All Hands On Deck? Here's How To Think About Successful Companywide Meetings
Updated: Mar 2
Some companies hold all-employee meetings monthly, some quarterly, and some annually. What’s the best cadence? What’s the best format?
Of course, there's no one answer to these questions. It depends on the size of your company, how many offices you are spread across, the industry you're in, and what you want to accomplish with the meetings.
The substance of your employee meeting will also vary depending on your company's needs. Some companies use all-hands meetings as a way to update employees on the latest news and announcements. Others use them as a chance to brainstorm ideas or get feedback from employees. Still others use them as a combination of both.
And of course, post-2020, no discussion of company meetings is complete without talking about how you will integrate remote employees into the meeting. This isn't a new topic - companies with multiple offices have long had to struggle with how to connect different offices. To make sure that your company meeting doesn't look like the launch of Dunder Mifflin Infinity, think long and hard about the user experience and technology that goes into your meetings - and whether it may be better to have separate meetings for different offices. Of course, employees that work from home will have to remote in regardless - make sure to think about their experience as well as those that are physically in the office.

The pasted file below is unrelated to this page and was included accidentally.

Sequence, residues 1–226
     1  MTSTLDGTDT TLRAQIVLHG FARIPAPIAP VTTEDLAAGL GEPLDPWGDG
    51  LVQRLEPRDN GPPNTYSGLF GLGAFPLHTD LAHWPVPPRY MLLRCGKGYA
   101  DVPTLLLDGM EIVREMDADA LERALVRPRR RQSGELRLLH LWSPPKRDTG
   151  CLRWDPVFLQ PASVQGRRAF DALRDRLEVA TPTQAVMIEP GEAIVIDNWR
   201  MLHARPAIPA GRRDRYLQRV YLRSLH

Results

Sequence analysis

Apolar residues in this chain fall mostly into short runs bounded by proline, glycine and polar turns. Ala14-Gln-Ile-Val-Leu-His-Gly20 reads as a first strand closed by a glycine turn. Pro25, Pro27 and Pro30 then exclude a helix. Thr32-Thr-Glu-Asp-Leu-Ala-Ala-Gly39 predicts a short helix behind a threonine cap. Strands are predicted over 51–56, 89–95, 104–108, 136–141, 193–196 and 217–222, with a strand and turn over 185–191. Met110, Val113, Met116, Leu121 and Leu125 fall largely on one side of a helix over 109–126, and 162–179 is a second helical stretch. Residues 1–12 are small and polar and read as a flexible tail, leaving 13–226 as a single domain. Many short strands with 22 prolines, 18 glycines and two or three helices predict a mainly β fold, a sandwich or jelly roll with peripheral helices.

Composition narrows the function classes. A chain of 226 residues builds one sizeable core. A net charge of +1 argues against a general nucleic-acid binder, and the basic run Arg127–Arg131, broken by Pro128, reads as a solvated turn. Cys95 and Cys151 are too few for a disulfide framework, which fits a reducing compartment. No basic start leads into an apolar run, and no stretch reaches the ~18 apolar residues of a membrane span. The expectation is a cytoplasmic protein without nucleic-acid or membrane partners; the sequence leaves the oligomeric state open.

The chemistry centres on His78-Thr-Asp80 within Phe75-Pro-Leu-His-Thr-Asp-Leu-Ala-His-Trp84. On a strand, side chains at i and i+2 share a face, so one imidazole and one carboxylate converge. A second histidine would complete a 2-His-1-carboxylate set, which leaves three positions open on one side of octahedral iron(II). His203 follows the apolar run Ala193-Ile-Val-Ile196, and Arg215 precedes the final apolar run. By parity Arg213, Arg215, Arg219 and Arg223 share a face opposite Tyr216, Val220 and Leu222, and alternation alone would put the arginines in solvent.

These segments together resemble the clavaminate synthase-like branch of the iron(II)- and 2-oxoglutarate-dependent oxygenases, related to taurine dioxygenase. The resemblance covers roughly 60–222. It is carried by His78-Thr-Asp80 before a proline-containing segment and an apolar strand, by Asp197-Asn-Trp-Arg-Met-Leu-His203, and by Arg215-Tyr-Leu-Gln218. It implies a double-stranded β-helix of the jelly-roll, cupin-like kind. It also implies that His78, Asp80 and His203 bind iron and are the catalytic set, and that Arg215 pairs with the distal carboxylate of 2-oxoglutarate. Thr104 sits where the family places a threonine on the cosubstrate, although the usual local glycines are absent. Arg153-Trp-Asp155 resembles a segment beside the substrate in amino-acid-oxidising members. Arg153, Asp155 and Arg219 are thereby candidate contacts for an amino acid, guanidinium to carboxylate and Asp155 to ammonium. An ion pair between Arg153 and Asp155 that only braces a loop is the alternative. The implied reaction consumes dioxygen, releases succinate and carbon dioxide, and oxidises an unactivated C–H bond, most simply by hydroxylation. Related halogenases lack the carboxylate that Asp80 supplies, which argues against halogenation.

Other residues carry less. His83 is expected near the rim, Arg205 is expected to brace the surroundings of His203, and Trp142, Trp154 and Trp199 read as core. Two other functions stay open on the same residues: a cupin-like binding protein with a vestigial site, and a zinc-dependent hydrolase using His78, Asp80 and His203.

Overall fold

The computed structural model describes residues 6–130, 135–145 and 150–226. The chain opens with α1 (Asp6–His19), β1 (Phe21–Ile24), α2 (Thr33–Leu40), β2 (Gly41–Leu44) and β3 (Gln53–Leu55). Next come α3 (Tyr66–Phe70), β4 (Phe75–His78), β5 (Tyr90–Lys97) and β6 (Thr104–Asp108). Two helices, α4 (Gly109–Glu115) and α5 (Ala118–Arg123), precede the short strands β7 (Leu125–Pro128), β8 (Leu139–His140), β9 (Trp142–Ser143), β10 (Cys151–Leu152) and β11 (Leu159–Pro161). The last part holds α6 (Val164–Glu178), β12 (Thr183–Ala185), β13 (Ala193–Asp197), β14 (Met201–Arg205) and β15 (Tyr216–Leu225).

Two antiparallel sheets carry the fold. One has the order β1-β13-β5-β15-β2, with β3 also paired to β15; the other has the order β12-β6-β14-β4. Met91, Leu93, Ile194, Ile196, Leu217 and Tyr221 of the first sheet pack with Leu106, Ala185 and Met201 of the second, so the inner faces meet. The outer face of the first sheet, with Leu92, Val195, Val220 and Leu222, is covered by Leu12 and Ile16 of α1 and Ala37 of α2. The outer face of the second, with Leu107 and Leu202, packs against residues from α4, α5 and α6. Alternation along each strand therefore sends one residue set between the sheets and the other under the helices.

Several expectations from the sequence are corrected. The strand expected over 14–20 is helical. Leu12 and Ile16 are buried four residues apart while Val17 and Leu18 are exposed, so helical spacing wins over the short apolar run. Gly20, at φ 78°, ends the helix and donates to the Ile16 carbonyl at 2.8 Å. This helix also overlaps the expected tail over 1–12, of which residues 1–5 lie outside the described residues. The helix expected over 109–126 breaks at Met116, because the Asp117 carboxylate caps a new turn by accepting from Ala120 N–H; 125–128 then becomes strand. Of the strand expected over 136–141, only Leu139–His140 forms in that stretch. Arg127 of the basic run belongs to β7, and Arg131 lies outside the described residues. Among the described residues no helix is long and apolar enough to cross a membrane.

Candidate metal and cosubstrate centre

No matter what cadence or format you choose for your companywide meetings, there are a few things you can do to make sure they're successful.
First, make sure you have a clear agenda for the meeting. This will help everyone stay focused and on track. It's usually best to have different members of the leadership team or staff present at the meeting, so that the meeting doesn't come across as a TED talk.
Second, give employees plenty of notice about the meeting so they can block off the time in their calendars.
Third, provide adequate time for interactions, questions and discussion. Polls and quizzes often are effective ways to keep people interested and engaged.
And finally, follow up after the meeting with any action items or decisions that were made.
It's important to find a balance that works for your company when it comes to holding employee meetings. If you hold them too often, they can become a burden or a source of frustration for employees. But if you don't hold them often enough, you may not be able to effectively communicate important information or get the feedback you need.
Company meetings are an important part of the communication strategy of any organization, as well as an opportunity to showcase company culture and drive employee engagement. Done wrong, they can be a real drag but done right will be something your employees look forward to!